First Advisor

Keith S. Hadley

Date of Publication

Spring 6-20-2013

Document Type


Degree Name

Master of Science (M.S.) in Geography






Coarse woody debris -- Oregon -- Pacific Coast, Understory plants -- Ecology -- Oregon -- Pacific Coast, Coastal forest ecology -- Pacific Northwest, Old growth forest ecology -- Pacific Northwest



Physical Description

1 online resource (vi, 91 pages)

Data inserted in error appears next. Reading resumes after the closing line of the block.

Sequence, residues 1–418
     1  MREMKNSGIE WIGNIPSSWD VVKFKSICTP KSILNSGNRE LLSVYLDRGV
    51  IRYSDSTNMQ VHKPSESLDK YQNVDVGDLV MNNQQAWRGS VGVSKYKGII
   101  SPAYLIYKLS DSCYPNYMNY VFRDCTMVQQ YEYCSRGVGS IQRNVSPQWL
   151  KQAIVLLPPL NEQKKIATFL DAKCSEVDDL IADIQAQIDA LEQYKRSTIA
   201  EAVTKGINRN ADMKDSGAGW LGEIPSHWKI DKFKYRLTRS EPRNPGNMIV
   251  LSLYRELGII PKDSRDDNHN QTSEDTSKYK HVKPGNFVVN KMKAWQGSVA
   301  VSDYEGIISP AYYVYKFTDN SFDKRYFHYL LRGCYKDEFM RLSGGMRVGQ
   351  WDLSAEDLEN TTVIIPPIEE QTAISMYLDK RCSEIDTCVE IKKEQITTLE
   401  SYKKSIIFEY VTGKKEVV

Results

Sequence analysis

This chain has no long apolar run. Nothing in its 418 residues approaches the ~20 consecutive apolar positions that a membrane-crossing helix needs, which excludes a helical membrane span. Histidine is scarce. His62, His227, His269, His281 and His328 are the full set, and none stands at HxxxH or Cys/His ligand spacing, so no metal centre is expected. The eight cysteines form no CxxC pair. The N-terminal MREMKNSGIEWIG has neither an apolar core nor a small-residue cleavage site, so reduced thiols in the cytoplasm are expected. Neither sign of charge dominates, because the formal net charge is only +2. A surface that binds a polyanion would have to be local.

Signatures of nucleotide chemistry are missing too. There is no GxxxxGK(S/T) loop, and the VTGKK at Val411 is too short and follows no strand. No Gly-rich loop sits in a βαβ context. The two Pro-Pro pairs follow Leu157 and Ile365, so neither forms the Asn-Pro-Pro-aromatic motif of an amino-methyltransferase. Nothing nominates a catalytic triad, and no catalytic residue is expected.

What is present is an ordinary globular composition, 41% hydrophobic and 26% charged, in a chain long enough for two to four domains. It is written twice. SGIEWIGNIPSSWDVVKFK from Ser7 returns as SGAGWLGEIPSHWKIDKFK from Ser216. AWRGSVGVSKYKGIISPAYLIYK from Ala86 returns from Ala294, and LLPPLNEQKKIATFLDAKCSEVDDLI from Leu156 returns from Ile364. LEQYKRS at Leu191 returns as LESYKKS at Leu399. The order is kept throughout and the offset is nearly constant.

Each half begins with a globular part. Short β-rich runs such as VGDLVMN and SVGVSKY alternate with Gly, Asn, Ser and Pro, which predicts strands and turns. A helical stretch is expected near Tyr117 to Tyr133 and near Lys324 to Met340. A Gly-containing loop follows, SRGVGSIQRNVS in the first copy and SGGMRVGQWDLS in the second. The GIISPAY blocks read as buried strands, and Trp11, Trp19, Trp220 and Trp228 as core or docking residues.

This research examines the relationship between understory plant diversity and logs in a Pacific Northwest (PNW) Sitka spruce (Picea sitchensis)-western hemlock (Tsuga heterophylla) old-growth, coastal forest. These forests are renowned for their high forest productivity, frequent wind storms, and slow log decomposition rates that produce unmatched accumulations of coarse woody debris (CWD) yet few studies have examined the relationship between CWD and understory vegetation ecology. My research addressed this topic by comparing understory plant census data between paired fallen log and forest floor sites (n=20 pairs). My objectives were to: 1) determine the influence of substrate type on community composition and diversity, and 2) examine successional pathways and species assemblage patterns on CWD in various stages of decomposition. To meet these objectives I employed non-metric multidimensional scaling (NMDS) ordinations and unsupervised cluster analyses to identify and compare community assemblages on both substrates. These methods revealed similar species diversity and evenness between log and forest floor sites with compositional differences within and between substrates corresponding to habitat availability for colonization and light and moisture gradients. My results also suggest understory successional pathways related to decay class and characterized by an initial abundance of bryophytes, forbs, and seedlings followed by woody shrubs. Understory communities developing on logs also experienced increasing diversity, evenness, and divergence from forest floor communities consistent with log decomposition. These results differ from findings for boreal forests that reveal increasing similarity between substrate communities with increasing decay class. Recommendations for future research include the employment of a more robust sample size and direct measurements of environmental variables. Additional comparator studies are also needed to confirm the effects of forest type and decomposition on the relationship between CWD and forest understory communities. This study demonstrates how fine-scale wind disturbance fosters biodiversity through the creation of CWD substrate. My results and future research are essential for the development of silvicultural models designed to promote biodiversity in PNW coastal forests.


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